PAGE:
by Learning Lead – Elisabeth Huang

To be honest, not every food scrap that I initially planned to regrow sprung back to life. One of the food scraps that I was hoping to regrow was radishes. I absolutely love cutting slices of radishes and submerging them into apple cider and then having them as a snack the next day. Hence, I thought to myself, wouldn’t it be awesome if I was able to regrow one of my all-time favourite snacks to enjoy during the summer?

With that thought in mind, I quickly began to browse the Internet. From the various sites that I went on, I couldn’t help but felt joy in my heart when I learned that radishes were one of the foods you can regrow from food scraps.

Without wasting little time, I placed some soil in a container with a few holes in it that can serve as drainage holes and then cut off the bottom of the radish where the root was and placed it in the soil.

However, after looking at another site, it turns out that another method to regrow it was to use toothpicks to suspend the top part of the radish with leaves in the air but the remaining part in water (without completely submerging it) of a glass of water. I already cut off quite a bit of the leafy part from the top part of the radish since I didn’t think the top part was needed but maybe it wouldn’t hurt to try to plant it in the soil?

I was wrong, If I decided to go with the second method, I should have taken the time to suspend the top part of the radish in the air with most of it in water and waited until there were roots before planting it in the soil. Given that I did not do this, there was no radish.

After a bit of time, I wasn’t too sure where the food scrap that I began with even went. Being the hopeful optimist that I was, I thought that a small leafy plant coming out of the soil from the same container that I have placed the radish scrap in may be a sign that the radish may have magically grown. However, as the little plant grew more, I was able to analyze it better and concluded that it was just a weed.

Although I wasn’t successful in growing radishes, here are some lessons I learned from this experience:

  • I should have done more research before attempting to regrow radishes from food scraps especially since there is so much information on the world wide web on this topic!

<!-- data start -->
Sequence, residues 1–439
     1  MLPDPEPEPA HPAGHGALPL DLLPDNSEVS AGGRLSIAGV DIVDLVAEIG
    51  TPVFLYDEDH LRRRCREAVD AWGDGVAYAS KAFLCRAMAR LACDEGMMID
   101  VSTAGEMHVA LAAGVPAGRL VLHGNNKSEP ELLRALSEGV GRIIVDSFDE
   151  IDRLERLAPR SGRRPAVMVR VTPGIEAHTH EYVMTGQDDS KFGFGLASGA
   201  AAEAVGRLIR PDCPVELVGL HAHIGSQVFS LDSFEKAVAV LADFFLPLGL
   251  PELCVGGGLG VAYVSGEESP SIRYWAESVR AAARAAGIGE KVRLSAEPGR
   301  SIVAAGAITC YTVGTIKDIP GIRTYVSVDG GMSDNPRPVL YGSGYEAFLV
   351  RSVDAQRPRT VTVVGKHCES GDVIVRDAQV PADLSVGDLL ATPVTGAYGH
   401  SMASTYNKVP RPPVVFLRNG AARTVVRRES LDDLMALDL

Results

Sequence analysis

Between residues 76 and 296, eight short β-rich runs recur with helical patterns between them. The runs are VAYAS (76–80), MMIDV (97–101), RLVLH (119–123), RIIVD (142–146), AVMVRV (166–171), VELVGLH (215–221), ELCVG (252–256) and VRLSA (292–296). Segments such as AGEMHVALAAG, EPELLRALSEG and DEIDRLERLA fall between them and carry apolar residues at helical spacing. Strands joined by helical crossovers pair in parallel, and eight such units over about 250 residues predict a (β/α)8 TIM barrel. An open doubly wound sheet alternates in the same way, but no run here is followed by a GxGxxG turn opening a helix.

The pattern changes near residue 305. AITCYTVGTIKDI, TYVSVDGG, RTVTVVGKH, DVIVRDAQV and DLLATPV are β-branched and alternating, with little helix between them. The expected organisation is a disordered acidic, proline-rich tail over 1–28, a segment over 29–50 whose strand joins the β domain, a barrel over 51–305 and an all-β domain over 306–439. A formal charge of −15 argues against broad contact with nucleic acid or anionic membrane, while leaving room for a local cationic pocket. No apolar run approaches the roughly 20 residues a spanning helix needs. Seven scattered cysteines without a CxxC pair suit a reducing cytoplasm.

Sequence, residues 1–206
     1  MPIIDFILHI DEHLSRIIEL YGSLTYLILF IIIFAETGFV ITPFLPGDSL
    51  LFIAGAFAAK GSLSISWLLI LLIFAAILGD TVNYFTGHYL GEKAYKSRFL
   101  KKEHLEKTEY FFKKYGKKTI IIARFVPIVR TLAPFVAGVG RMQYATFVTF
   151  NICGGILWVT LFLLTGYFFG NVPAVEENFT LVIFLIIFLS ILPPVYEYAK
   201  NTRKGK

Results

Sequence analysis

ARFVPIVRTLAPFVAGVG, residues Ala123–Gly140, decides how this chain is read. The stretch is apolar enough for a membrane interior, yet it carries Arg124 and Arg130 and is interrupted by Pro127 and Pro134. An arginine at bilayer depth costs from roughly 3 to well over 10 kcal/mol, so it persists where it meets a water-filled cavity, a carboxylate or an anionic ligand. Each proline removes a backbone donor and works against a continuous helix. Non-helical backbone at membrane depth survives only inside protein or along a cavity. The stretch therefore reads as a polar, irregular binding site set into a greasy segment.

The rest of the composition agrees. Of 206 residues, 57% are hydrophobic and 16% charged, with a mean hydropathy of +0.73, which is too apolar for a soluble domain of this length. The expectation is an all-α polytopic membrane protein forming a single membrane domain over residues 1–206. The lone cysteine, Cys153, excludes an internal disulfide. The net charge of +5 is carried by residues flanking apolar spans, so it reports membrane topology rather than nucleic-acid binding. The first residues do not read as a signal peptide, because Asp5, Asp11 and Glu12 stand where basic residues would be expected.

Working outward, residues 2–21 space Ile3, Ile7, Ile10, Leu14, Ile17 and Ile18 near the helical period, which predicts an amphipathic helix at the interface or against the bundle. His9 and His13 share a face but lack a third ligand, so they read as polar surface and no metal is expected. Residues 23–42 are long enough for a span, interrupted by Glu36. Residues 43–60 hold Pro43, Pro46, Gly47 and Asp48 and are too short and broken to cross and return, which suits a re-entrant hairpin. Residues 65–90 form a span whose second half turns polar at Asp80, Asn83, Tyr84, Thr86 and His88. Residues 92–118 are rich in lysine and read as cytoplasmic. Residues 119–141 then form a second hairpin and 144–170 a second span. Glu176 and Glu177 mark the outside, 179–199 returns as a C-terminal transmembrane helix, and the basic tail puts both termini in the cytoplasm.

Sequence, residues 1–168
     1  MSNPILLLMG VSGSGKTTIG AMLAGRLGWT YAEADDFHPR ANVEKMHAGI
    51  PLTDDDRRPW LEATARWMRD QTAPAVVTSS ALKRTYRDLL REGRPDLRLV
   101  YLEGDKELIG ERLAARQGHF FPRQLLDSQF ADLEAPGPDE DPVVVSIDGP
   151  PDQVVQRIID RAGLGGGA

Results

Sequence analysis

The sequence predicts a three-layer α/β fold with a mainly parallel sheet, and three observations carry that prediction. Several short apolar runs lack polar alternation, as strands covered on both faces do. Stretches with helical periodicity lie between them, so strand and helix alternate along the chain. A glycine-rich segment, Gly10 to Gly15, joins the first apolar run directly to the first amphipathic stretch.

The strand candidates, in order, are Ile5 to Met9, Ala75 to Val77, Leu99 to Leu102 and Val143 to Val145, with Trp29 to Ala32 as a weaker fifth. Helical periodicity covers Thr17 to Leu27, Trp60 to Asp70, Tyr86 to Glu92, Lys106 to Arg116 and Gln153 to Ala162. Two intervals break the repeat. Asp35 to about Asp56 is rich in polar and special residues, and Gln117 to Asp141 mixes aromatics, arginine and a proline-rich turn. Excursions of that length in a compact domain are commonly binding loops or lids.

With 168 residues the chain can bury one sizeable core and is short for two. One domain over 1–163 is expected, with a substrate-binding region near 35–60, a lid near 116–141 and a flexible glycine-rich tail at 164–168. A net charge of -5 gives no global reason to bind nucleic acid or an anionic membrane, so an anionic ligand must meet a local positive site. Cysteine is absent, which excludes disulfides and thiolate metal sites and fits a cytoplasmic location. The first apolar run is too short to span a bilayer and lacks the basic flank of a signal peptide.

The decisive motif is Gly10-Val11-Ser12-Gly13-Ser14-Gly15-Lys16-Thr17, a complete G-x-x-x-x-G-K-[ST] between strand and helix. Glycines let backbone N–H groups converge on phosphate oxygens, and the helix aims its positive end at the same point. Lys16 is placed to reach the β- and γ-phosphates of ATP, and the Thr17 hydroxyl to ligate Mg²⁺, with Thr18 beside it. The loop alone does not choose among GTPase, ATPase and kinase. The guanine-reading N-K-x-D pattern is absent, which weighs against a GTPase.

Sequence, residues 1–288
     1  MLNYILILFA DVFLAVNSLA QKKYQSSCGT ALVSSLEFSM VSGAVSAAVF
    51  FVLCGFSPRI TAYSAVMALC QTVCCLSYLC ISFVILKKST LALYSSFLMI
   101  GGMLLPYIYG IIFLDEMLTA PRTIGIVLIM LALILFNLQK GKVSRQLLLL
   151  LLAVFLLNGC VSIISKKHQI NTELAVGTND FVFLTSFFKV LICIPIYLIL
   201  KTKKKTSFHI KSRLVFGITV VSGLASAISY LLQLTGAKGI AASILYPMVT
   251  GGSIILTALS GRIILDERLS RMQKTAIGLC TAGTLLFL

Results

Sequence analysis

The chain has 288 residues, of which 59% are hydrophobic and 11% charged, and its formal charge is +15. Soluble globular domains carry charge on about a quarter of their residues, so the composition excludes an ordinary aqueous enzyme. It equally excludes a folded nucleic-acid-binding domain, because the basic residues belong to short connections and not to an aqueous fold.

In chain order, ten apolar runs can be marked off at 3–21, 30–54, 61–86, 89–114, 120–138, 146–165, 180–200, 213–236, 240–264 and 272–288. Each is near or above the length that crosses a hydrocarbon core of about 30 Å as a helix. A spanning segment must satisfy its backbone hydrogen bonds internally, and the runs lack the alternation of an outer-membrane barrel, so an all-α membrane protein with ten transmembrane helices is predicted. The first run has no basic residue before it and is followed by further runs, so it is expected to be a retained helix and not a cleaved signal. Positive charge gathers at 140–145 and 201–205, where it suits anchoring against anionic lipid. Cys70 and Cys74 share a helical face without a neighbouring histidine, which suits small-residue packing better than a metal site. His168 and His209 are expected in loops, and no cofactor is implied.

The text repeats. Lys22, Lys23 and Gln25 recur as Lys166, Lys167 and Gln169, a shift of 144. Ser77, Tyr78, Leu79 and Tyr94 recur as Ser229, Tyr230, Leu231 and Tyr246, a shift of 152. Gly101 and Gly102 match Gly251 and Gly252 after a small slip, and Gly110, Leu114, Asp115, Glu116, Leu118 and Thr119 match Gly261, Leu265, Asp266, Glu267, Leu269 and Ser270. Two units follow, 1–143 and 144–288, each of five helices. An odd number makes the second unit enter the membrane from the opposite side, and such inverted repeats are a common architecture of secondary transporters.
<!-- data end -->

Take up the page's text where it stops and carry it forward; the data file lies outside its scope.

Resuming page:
• Instead of putting the radish scrap in the soil of a container, I should have probably planted the radish scrap directly into the ground after a while or used a container that had a greater height to provide more room for the radish to grow.
  • As I delve further into my search to learn more about regrowing radish from scraps, I learned that there are many types of radishes out there! As a result, there may be different considerations to take into account when growing Daikon radishes versus Cherry Belle radishes.
  • I came across one site where the individual mentioned that they had to try a few times before being able to grow radishes. As a result, from the lessons learned from the various growers, I would be interested in trying different tips and different ways to regrow radishes since there is more than one way to do so and many types of radishes!

I also came across several sites that generously share various tips on how to regrow radish from food scraps (some of the sites outline one method of regrowing radishes while other sites highlight more than one method of regrowing radishes):

From the sites above, I’ve compiled a few tips to help anyone who may be interested in getting started in regrowing their own radishes from food scraps in the spring or fall:

  •  Although radish needs a minimum of 8 hours of sunlight a day, radish needs shades on hot sunny days.
  • The growth of the roots of the radish can slow down in dry soil whereby slow-growing radish will give off an unpleasant flavour. However, it is also important not to overwater your radish. Try to keep the soil well-drained.
  • Radish will mature between 50 and 70 days. Once they mature, harvest them before they start splitting.
  • Leave radish enough space to grow – provide at least 2 inches of space between each radish to grow.
  • Remove the weeds in the area often to allow for the roots of the radish to grow.

With spring approaching, I am excited to try growing radish scraps from the wisdom that these online growers have shared! If all works great, then I look forward to sharing one of my all-time favourite radish snacks submerged in apple cider with others 😊